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TARTA’s paratransit service, TARPS, marks milestone

For people living with disabilities, transportation can often be a barrier.  It was a need the Toledo Area Regional Transit Authority, or TARTA, recognized nearly three decades ago and in October of 1989, it launched a service dedicated to those with special needs.

“TARPS started running on October 2, 1989, before President George Bush signed the ADA into law,” director of paratransit services at TARTA, Connor Briggs said. “I’m very proud to work for an organization that was on the cutting edge of this type of service.”
 

30 years later, TARPS is providing more than 950 rides a day and 300,000 year getting passengers with disabilities to work, doctor appointments, school and social events.  During a celebration commemorating the milestone, Briggs praised his staff for their hard work and dedication, adding that everyone behind the scenes works “tirelessly” to make each day better than the last.

“It is no secret to anyone in this community that TARTA is in an important transitional phase right now.  And I would be naïve to say that TARPS service is perfect in any way, shape or form.  But we have great staff behind us that’s working every single day to provide a service that’s needed for the individuals that ride TARPS on a daily basis,” Briggs said.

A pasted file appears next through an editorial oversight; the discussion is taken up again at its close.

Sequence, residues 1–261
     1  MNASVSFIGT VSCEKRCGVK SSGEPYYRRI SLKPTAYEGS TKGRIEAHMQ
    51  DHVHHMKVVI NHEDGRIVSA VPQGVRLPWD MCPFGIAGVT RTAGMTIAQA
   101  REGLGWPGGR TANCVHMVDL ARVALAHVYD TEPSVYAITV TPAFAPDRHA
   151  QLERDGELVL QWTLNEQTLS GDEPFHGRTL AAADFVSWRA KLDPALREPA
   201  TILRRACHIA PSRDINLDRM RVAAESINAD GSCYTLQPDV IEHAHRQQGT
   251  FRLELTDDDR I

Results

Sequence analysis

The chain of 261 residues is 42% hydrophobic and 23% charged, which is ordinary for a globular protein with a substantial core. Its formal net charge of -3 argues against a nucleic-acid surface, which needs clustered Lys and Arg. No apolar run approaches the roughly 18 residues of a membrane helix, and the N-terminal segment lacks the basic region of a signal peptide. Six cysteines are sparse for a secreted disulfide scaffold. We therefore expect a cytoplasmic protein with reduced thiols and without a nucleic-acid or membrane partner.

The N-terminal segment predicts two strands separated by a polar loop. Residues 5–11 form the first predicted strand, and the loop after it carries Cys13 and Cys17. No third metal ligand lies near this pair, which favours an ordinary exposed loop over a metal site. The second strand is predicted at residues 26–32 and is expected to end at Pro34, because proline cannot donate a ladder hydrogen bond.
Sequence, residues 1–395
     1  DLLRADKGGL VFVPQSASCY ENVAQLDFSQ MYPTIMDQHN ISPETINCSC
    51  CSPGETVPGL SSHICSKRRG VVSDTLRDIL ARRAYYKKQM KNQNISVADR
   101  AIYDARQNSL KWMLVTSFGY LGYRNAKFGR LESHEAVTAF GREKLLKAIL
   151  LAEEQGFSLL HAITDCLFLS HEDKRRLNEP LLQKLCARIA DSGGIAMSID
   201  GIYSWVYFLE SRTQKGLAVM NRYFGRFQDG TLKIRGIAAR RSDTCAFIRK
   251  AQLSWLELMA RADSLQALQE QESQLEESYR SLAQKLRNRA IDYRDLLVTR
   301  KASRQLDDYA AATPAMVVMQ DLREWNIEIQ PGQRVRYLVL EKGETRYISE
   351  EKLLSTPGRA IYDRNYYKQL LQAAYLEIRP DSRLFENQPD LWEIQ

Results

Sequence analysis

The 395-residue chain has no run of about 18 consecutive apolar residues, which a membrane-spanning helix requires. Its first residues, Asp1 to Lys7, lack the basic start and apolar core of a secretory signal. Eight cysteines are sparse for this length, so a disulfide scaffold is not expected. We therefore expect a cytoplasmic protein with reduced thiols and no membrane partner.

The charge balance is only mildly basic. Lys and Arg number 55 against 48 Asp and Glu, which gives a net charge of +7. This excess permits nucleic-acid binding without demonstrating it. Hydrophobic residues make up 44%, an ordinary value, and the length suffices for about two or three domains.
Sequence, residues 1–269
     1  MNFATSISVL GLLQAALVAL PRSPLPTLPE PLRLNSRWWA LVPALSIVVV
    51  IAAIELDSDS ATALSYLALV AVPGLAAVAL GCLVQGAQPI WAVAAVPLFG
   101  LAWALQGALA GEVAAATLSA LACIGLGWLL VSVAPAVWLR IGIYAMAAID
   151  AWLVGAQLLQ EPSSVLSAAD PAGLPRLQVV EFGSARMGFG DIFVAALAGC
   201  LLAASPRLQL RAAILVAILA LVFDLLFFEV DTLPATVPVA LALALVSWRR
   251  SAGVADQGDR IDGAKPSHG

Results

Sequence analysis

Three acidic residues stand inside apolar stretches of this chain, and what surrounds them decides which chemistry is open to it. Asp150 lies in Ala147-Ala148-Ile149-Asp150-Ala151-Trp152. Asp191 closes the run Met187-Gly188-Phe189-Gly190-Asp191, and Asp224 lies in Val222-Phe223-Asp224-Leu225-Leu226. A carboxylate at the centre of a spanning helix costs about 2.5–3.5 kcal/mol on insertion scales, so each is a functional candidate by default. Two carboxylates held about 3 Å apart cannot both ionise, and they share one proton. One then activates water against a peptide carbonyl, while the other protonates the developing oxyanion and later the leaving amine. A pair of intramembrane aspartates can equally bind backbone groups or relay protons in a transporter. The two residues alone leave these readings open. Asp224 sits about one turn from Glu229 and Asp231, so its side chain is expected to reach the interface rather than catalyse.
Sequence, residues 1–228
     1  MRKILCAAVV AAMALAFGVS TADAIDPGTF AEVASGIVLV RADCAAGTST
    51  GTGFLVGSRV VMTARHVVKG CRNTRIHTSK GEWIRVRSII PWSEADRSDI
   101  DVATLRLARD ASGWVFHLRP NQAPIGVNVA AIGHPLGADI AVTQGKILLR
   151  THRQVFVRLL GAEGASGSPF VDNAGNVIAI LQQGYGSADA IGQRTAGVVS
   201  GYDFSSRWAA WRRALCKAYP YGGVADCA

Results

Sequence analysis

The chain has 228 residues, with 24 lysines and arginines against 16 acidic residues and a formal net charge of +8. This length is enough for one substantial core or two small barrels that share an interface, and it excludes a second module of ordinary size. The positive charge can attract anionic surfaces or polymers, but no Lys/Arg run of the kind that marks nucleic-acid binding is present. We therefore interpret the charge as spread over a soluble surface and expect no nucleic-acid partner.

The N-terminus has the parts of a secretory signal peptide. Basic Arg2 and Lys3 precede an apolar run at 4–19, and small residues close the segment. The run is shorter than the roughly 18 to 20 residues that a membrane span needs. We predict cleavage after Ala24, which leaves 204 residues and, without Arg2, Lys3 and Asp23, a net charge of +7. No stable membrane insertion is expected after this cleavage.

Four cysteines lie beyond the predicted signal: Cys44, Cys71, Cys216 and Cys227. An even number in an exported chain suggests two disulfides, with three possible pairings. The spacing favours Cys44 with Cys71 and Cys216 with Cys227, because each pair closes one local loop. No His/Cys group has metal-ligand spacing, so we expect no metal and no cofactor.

One of those passengers also spoke to the crowd of elected officials, TARTA employees and community leaders.  Angie Goodnight, who is also works with the Ability Center, never relied on public transportation.  She says she used it to get to Southwyck mall as a teenager, and aside from that, she always had a car to get her where she needed to go.

But in 1998, a major health crisis changed her life forever.

“I was 32 weeks pregnant for my fourth child and I developed pancreatitis.  I went into a medically induced coma for 14 days and I was only given a 30% chance to live,” Goodnight explained.  “At home I had a 13-year-old, a 10-year-old and a one year old and then a newborn and I woke up from my coma, 14 days later totally blind.”

Now, not only was she adjusting to life as a mother of four, she was doing it without her sight.  The hardest part, she says, was feeling as though she’d lost her independence.

“People often ask, what part of your disability was hardest for you?  For me it was getting into my car and going to the store for a gallon of milk or running to do something with one of my kids or being able to be that mom to go on that field trip, that was a little hard to swallow at first,” she recalled.  “I started to ride [TARPS] and what a sense of freedom.  It wasn’t just to take to work.  I could take my kids; we could do social things.  We could go to mall.  We could go to the movies.”

Goodnight has been a TARPS rider ever since, even taking the bus to the 30th anniversary celebration.

“I’m extremely independent.  I want to do my own thing. My kids drive and always say, ‘mom, I’ll take you, you don’t have to ride the bus,’ but I don’t want my kids to have to come over at 7:30 in the morning to run me to work [or wherever]. I can take TARPS and I really do enjoy it.”

Despite facing financial limitations system-wide, TARPS continues to run seven northwest Ohio communities, including Maumee, Ottawa Hills, Rossford, Sylvania, Sylvania township, Toledo and Waterville.  Briggs says it boils down to the organization’s commitment to accessibility.

“Accessibility matters and I’m grateful TARPS can play a small part in ensuring community wide accessibility,” he said. “I’m excited to see what the next 30 years holds for TARPS and for TARTA as an organization and if it has a positive effect on just one individual, I feel like all of this is worthwhile.”

 

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Revised: 10/22/19 10:20:50 -0700.

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